Ghanaian health startup Yemaachi Biotech says it is making strides in cancer research by constructing a first of its kind genomic archive of cancers in black people from across the globe which experts say would solve the crisis of accessing data on African cancer patients.
The U.S. Department of Health and Human Services reports that over 17 percent of the world’s population resides in Africa, however, only two percent of genomic study participants are of African descent.
Kafui Akakpo, a Ghanaian pathologist currently focusing on cancer research alongside Yemaachi says the strides made by the Ghanaian startup will change African cancer studies forever.
“If you look at every study across the world very few of them are Africans,” said Akapo, adding, “What this does is that you come to the African population and study it which effects Africans and African Americans or any group with a basis in Africa.”
Yaw Bediako, the Chief Executive Officer, and Co-Founder of Yemaachi supports Akakpo’s sentiments, further expressing disappointment in Africa’s approach towards allocating funds for healthcare.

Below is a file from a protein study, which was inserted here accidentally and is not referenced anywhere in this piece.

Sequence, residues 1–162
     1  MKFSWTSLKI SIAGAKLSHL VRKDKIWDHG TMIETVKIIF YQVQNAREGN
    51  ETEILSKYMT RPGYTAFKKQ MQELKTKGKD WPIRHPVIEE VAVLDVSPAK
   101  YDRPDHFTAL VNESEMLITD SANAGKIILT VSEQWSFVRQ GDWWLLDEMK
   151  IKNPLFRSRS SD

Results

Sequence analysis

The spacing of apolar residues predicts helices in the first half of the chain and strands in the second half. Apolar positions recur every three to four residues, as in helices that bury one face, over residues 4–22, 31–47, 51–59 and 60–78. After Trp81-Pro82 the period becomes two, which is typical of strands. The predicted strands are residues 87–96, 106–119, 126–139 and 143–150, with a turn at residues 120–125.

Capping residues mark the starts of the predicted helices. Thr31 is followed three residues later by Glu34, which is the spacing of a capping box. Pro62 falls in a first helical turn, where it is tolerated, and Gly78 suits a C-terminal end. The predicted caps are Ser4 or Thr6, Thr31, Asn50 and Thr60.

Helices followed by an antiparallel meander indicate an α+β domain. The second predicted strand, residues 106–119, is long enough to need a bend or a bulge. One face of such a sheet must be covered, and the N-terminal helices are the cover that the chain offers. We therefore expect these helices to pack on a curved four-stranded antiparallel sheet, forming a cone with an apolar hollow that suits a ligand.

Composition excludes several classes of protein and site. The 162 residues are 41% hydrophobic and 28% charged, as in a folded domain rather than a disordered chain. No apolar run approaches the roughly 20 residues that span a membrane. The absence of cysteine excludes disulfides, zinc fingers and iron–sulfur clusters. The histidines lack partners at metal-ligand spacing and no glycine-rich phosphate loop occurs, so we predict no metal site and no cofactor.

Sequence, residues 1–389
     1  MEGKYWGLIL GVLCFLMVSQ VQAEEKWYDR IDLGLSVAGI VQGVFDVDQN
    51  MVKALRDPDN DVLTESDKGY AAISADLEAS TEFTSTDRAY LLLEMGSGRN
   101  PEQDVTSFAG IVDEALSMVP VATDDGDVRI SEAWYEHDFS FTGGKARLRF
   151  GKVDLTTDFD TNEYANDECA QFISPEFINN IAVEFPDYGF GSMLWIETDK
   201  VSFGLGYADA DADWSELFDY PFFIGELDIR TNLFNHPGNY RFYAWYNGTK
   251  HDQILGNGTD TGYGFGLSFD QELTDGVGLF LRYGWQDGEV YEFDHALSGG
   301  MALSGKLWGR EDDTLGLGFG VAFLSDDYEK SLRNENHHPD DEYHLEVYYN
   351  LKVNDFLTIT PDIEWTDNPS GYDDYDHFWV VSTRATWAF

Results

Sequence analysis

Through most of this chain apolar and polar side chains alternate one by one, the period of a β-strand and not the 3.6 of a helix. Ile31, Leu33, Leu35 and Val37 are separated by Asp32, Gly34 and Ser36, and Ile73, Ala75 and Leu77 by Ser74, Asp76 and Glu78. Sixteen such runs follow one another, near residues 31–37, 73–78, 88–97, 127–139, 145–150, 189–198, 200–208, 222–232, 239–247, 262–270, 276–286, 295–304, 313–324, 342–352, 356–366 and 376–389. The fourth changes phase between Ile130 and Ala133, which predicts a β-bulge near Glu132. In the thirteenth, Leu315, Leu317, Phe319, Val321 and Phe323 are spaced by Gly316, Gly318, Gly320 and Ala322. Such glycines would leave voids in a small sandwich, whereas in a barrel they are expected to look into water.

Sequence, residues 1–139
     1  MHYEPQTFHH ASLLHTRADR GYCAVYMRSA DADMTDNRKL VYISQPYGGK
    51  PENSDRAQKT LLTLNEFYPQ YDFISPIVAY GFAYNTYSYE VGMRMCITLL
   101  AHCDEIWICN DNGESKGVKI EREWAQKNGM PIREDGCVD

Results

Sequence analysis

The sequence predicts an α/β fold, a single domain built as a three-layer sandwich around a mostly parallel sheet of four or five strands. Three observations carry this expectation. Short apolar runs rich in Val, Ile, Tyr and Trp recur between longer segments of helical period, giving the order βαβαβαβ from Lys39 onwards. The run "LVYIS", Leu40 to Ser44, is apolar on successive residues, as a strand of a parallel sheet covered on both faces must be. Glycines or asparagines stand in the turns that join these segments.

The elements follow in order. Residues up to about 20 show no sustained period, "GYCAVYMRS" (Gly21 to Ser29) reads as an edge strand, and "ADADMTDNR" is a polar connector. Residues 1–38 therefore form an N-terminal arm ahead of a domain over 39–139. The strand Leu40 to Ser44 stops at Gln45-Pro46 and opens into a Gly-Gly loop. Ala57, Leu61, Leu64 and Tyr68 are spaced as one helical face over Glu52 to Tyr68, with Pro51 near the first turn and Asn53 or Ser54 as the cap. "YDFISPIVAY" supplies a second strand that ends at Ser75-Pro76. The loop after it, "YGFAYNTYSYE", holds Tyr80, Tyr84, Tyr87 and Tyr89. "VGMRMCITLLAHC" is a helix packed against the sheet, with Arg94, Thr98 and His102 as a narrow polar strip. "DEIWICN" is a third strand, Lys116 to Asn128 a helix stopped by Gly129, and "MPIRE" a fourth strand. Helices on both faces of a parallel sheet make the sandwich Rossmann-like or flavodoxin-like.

“The reason Yemaachi is looking at cancer is partly because no one else is looking at cancer in Africa,” said Bediako, adding, “Majority of our [Africa] research is focused on infectious diseases and yet we have one of the world’s fastest growing burdens of cancer and some of the highest cancer mortality rates in the world.”
Having recently developed Ghana’s first home testing kit for Human Papillomavirus, one of the leading causes of cervical cancer, the Ghanaian startup has attracted over $4 million in investment, mostly from African investors and the Bill and Melinda Gates Foundation, which Emmanuella Amaoko, Yemaachi’s Clinical Affairs Officer says will be invested in their research towards developing Africa’s first cure for cancer.
“The treatment of cancer is not always going to be in the clinic but in the lab,” says Amaoko, adding, “Most treatments were started on a lab table and if we need to race for a cure in Africa for Africans then we have to start it here.”